Also known as "36 Quai des Orfèvres," "Department 36," or just plain "36," this is a French film from 2004 starring the great Daniel Auteuil and Gérard Depardieu. The film shows a much darker side of Paris than most people are used to seeing. Criminals are very violent and do not fear the police, while the police themselves are morally questionable.
Daniel Auteuil plays Leo Vrinks, who leads his own "Strike Team." They brutalize criminals and do not follow police procedure, yet Vrinks does have a good heart and believes he is in the right. Depardieu who plays Denis Klein on the otherhand, is an opportunistic and cold hearted scoundrel who will do anything to get ahead no matter how horrible it is.
The two put in very good performances, and they are not seen as "movie cops," but real people with emotions and depth. One might even compare their rivalry to Pacino and DeNiro's in "Heat." Auteuil and Depardieu play off of each other very well during their heated confrontation that slowly boils.
While this is not an action film, there is good action to be found which shows the brutality of the bank robbers and how efficient the police are.
The film is based on writer and director Olivier Marchal's experiences as a cop, and it's amazing to know how many of the events really happened.
"36" is a very good movie that combines police procedural, thriller, and morality tale into one.
This exciting French policier tells the story of two police commanders in Paris. One, played by Daniel Auteuil, is fairly honest who is capable of brutal shortcuts. The other, played by Gerard Depardieu, combines ambition and moral corruption. Both are up for the same promotion. The need to quickly capture or kill a group of murderous robbers pits them against each other. The result is a number of dead cops, outright murder, the protective instincts of the system and a retribution that is quick, final and satisfying.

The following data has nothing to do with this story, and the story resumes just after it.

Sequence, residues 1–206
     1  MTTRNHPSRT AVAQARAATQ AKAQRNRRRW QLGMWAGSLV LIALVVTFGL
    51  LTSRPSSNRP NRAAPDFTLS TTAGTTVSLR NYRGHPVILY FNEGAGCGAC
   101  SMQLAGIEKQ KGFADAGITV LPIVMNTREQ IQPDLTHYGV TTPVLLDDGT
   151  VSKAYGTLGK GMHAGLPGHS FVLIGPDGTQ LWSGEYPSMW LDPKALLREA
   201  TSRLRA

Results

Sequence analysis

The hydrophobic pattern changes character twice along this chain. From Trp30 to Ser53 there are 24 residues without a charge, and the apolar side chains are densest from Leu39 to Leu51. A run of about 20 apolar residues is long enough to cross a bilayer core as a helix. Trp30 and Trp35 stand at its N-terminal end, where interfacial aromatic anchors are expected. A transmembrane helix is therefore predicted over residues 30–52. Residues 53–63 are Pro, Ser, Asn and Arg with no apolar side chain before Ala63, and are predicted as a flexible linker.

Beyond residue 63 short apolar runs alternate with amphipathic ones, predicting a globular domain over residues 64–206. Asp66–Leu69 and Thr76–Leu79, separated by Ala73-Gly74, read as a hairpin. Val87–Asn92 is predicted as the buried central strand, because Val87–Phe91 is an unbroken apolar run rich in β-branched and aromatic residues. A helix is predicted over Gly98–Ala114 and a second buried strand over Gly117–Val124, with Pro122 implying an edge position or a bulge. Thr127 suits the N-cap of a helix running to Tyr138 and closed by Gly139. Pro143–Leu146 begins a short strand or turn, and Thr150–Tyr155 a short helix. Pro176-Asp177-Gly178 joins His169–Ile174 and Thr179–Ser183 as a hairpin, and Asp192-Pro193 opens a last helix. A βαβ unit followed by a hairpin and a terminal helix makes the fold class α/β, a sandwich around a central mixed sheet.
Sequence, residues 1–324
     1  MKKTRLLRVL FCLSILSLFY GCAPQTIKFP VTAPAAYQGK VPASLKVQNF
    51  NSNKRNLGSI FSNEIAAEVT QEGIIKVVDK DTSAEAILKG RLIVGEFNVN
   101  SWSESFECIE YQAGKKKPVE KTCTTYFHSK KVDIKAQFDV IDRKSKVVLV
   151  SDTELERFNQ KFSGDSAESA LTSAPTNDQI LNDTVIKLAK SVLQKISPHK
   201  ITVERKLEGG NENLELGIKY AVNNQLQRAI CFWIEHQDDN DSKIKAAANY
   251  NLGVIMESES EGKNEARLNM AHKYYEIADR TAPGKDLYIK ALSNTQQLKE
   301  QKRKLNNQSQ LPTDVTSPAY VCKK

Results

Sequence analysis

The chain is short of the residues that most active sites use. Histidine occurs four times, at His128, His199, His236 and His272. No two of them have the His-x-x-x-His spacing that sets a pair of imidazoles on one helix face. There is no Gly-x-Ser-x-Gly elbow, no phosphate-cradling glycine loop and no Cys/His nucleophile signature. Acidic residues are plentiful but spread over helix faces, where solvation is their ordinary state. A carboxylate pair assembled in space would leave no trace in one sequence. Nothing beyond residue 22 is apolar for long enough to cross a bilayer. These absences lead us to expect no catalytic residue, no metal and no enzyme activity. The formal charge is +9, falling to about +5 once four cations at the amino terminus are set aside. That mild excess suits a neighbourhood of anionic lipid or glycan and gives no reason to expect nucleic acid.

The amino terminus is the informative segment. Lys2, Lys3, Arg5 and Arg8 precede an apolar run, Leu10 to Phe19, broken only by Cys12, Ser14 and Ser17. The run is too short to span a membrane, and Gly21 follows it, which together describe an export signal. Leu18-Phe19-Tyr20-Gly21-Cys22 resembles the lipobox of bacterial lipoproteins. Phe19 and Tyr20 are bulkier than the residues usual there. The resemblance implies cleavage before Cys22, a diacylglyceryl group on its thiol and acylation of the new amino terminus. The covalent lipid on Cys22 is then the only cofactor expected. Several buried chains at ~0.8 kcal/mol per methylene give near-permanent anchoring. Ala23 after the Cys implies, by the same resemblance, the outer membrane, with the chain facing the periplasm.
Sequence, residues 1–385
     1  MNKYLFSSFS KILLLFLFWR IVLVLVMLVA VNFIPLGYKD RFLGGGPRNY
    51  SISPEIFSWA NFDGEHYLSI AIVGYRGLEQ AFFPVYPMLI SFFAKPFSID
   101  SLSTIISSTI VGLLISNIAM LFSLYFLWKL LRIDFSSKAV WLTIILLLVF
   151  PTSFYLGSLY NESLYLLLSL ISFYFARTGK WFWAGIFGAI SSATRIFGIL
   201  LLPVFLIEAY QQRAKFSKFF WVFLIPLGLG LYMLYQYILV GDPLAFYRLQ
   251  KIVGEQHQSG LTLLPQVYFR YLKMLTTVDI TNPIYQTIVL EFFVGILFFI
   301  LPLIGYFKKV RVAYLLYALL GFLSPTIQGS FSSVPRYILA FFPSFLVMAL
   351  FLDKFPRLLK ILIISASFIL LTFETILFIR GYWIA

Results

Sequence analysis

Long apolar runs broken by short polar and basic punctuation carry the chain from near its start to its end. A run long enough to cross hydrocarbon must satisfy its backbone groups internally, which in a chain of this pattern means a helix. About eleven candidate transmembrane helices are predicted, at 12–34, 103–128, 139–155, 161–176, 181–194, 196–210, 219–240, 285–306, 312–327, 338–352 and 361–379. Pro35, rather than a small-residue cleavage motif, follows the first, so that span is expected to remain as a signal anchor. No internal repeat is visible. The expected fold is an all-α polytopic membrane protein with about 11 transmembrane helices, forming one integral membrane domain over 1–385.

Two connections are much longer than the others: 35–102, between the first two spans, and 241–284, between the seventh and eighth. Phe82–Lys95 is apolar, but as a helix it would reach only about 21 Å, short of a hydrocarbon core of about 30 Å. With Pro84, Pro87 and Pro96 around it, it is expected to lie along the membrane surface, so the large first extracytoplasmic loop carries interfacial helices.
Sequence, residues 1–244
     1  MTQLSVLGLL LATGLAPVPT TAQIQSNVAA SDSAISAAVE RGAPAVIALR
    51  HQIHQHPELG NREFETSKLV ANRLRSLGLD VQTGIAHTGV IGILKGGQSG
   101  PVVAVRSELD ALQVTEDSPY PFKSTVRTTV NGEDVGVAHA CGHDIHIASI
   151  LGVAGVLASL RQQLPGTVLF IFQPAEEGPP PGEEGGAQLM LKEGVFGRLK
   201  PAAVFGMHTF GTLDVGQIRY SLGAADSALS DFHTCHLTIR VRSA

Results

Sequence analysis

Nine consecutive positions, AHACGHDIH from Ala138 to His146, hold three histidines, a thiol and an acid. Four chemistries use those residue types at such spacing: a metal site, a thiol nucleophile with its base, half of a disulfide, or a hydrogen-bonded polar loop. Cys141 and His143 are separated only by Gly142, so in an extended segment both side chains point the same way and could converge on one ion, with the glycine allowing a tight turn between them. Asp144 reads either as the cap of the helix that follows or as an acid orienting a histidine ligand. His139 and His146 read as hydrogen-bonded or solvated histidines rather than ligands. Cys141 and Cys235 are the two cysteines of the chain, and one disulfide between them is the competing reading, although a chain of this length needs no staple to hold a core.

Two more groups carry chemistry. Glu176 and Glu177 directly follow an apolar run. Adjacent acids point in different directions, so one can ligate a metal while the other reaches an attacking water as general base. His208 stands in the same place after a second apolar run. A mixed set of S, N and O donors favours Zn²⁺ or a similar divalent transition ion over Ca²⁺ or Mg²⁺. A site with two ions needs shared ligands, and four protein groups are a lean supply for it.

Were any two actors as unlikely to become leading men as Depardieu and Auteuil? One with a small mouth and the other with a dynamic nose. Both, however, are charismatic on the screen and are extraordinary actors. How good it was to see them together in parts they could do something with.
It has a few (very few!), brief (very brief!) cinema moments that evoke GODFATHER 1, but these are fleeting and don't typify the film as a whole. Whenever the film needs to be moved along, good old violence/murder/robbery/shoot-em-in-the-head gets the script writers out of a jam and affords them a fresh mini-start. The abrupt cutting also leads to confusion as to what actors fit in where, and whose side they're on. The plot is basically simple, and the constant string of violent events diverts our attention from the slim premise that's stretched out for over two hours. As a change of pace from the violence, we watch other cliches of gangster films: retreads of boring nude sex scenes & domestic tensions that haven't changed since Steve McQueen in BULLIT and Pacino in HEAT; these are phased in and out in a calculating way. The high point of the film is the-center-of-Paris, casket tribute to a murdered policeman where the photography team hits its zenith and, in fact, they are extraordinarily adroit throughout the film and keep scenes fresh and inventive. This is desperately needed, because the substance of the story is kept shallow. The final scene, too, relies on violence-out-of-nowhere as a quick way to close the film. Over reliance on formulas and "hook the audience" gambits leave one with the empty feeling this is an elaborate shell game, rescued by very competent cinematography.